The following guarantee which was printed in Talbot sales catalogues, and it states:

"All Talbot cars are sold without any express or implied guarantee of their fitness or otherwise; but in case of breakage of any part within six months from date of sale, owing to defective material or workmanship; provided to our satisfaction, the defective part shall be repaired, or a new one supplied, free of charge. The part to be returned to us, carriage paid, for inspection when claim is made, and within fourteen days of breakage."

The problems with Mr Tomkins' Talbot appear to have eventually been ironed out, as Queensland registration records for 1920 (The oldest records which I have for that state), show that at that time (1920), Mr W.J. Tomkins, of Inglewood was the owner of a TALBOT (Reg. No. G54), and a VAUXHALL (Reg. No. G70). The "G" prefix on these numbers indicated that the cars were registered in the Warwick police district. This means of identifying cars in Queensland was introduced in 1920.

Talbot factory records show that Mr Tomkins' car (Chassis number 5667) was a type 4-MT (90mm x 140mm bore and stroke). It was built on 15th January, 1914, it had a torpedo touring body which was built by "Rothschild pere et fils" in Horseferry Road, Westminster. It had a wheel-base of 10' 7", it had 880 x 120 tyres, it left the factory on 26th March, 1914, it was sold to "The Canada Cycle & Motor Agency" of Corner of Adelaide & Creek Streets Brisbane, and that it was shipped to Australia by "Tozer, Kemsley, & Fisher".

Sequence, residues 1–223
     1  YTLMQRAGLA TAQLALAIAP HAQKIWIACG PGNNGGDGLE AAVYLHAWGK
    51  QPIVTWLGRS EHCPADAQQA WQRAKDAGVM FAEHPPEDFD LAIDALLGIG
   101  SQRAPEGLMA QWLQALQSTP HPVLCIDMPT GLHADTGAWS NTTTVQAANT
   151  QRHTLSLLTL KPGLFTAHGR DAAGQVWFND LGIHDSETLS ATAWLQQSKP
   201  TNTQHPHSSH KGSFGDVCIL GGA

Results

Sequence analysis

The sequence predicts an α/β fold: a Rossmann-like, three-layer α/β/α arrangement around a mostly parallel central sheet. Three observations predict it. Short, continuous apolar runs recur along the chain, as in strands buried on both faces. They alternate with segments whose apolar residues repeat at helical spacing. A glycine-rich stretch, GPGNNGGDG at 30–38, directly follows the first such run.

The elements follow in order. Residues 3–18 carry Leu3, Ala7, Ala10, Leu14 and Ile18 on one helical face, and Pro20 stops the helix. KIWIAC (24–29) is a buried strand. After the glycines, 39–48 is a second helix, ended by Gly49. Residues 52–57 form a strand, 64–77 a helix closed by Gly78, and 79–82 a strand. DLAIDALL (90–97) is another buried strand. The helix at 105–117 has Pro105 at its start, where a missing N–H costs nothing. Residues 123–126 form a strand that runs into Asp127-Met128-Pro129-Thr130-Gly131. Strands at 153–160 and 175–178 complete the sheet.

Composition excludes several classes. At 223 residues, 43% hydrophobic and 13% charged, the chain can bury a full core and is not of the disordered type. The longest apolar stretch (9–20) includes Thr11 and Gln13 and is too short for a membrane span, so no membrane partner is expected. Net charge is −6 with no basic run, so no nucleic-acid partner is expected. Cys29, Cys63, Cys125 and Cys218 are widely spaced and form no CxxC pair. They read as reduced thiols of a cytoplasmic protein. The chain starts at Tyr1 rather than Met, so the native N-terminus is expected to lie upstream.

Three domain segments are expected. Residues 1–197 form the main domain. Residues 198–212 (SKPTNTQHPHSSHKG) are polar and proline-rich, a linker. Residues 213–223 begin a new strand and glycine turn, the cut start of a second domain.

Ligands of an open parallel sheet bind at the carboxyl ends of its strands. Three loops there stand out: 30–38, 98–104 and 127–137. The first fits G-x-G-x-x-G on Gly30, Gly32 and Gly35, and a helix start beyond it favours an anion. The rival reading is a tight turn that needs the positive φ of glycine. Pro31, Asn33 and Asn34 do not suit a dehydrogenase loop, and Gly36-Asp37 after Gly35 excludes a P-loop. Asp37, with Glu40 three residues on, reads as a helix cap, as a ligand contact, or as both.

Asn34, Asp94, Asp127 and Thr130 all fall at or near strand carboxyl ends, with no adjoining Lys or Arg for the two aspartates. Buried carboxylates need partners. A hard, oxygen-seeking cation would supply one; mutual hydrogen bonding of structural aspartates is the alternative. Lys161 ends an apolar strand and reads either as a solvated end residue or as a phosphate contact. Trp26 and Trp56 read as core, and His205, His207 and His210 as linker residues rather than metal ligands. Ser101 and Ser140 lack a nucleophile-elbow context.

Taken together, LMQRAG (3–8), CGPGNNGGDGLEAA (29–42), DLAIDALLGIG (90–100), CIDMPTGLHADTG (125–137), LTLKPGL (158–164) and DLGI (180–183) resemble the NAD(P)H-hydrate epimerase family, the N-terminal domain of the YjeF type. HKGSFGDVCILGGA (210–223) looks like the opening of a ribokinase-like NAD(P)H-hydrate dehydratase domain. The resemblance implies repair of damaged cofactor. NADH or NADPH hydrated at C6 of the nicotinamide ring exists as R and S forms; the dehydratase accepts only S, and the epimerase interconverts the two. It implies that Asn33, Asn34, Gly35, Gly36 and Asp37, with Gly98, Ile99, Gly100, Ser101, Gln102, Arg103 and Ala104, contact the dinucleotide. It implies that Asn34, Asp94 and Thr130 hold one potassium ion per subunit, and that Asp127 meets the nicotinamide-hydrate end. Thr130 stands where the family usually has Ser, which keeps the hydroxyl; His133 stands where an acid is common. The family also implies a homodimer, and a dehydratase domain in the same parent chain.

Exactly 490 examples of this model were built. The first (Chassis number 5651), was built on 22nd November, 1913, and the last (Chassis number 6141), was built on 29th April, 1915.

Only 61 Talbots of this model reached private owners, and of that number just 6 were exported. Two were sold in Johannesburg (South Africa), one was sold in Perth (Western Australia), and three were sold in Brisbane

The Director of British Army Contracts purchased thirty-eight, all of which were bodied as ambulances, and the British War Office purchased two-hundred and ninety-one, most of which carried ambulance bodies although some were torpedo tourers and others were bare chassis.